The developmental origins of psychopathology can be traced to in utero experiences. However, there is limited research into prenatal and newborn markers of early psychiatric problems. A promising line of inquiry suggests that exposure to maternal distress during pregnancy can have a lasting effect on child health and disease susceptibility. However, mechanisms associating maternal risk factors with child outcomes remain poorly understood. Emotion dysregulation (ED) is a transdiagnostic vulnerability factor that underlies many devastating and costly psychiatric diagnoses, including personality disorders, anxiety, depression, and suicide risk. Therefore, ED serves as a viable index of complex psychopathology among adults. In children, early signs of ED likely precede formal psychiatric diagnoses, such as anxiety, attention deficit/hyperactivity disorder, and difficulties with impulse or temper regulation. However, there have been few studies examining intergenerational transmission of ED or ED trajectories among mothers and their young children from an innovative Research Domain Criteria (RDoC) perspective. The objective of this proposal is to advance current understanding of ED across generations by (1) enrolling pregnant women with the full range of emotional distress, and (2) examining promising clinical and developmental indices of risk for psychopathology in their children. By adding to an existing, NIMH-funded cohort, the proposed study will follow N=324 mother-child dyads from pregnancy through 18 months, a developmental stage when child behavior problems begin to show rank- order stability. Consistent with the RDoC perspective, mothers will be recruited to meet a uniform distribution of ED scores and will complete a comprehensive prenatal laboratory battery to assess behavioral, psychophysiological, and self-reported measures of ED, stress, and psychopathology. Fetal physiological responses will also be recorded prenatally, as early indices of risk for ED. Within 24 hours of birth, babies will undergo a reliable and valid newborn neurobehavioral exam designed to detect emerging signs of dysregulation (e.g., high arousal and low self-regulation). At 7- and 18-months, mother-child pairs will return to the laboratory to engage in dyadic tasks that reliably elicit co-regulation and/or dysregulation. Behavioral and psychophysiological response patterns will be assessed in mother and child using dynamical systems methods that are appropriate for capturing complex developmental processes. This innovative and rigorously designed study unites a complex clinical sample with a well-established developmental design and advanced statistical approaches to better understand early mental health trajectories. When the aims of this project are realized, we will have an improved understanding of ED in mothers and their children during a critical stage that lays the building blocks for later health, development, and wellbeing. This longitudinal study will lay a foundation for research continuing into childhood and will advance a programmatic line of inquiry devoted to understanding dysregulated women and children to improve early intervention and prevent psychopathology.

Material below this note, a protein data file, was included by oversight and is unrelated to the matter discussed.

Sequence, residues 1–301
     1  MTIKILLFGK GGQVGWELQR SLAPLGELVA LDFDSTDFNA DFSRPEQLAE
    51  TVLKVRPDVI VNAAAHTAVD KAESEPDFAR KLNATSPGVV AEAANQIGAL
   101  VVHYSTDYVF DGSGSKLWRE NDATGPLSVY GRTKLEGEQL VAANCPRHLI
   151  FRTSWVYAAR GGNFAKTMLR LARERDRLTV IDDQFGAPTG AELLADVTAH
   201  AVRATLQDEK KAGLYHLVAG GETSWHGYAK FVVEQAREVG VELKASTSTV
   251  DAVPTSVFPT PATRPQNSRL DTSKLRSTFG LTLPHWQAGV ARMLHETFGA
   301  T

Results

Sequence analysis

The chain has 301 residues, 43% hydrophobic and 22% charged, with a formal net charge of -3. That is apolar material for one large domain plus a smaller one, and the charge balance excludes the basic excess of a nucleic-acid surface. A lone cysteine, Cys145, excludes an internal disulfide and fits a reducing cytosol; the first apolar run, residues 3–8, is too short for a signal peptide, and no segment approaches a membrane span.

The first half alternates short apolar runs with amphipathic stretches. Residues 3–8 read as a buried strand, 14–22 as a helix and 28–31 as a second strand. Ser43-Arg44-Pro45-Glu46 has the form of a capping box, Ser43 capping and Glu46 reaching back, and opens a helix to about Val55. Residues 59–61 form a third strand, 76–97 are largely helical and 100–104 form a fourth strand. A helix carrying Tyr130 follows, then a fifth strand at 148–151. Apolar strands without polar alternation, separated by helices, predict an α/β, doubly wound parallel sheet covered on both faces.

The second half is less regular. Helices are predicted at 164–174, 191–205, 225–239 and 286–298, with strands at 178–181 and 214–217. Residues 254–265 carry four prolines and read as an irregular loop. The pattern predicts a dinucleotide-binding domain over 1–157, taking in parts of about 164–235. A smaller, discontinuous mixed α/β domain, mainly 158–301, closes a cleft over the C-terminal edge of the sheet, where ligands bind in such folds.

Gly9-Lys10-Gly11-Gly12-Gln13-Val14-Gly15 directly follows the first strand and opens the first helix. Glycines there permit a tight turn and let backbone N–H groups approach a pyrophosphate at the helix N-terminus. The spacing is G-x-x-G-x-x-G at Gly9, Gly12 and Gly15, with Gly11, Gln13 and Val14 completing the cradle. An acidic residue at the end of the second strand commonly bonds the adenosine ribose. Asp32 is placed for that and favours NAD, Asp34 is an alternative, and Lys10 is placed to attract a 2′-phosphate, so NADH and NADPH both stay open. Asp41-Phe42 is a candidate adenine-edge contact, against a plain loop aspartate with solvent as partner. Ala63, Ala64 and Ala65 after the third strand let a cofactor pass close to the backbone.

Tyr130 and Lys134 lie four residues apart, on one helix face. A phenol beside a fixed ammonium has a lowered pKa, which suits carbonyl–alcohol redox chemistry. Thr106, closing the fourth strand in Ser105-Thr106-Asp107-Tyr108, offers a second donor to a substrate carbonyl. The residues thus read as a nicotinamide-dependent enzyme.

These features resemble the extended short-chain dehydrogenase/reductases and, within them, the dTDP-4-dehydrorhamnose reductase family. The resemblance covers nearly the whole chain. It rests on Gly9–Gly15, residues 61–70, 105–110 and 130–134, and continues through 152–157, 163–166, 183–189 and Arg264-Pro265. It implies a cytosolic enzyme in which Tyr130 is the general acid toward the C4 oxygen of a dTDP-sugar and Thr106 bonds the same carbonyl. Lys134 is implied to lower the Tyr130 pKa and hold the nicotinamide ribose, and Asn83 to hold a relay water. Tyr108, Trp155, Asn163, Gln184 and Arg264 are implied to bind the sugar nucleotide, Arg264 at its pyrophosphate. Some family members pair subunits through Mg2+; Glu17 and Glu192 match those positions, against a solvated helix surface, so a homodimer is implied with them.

Emotion dysregulation underlies almost all psychological disorders yet little is known about how it emerges very early in development. We will study prenatal origins of emotion dysregulation, and how it develops in both mother and child over the first years of life. This information will provide valuable clinical information about how to prevent transmission of risk for emotion dysregulation across generations.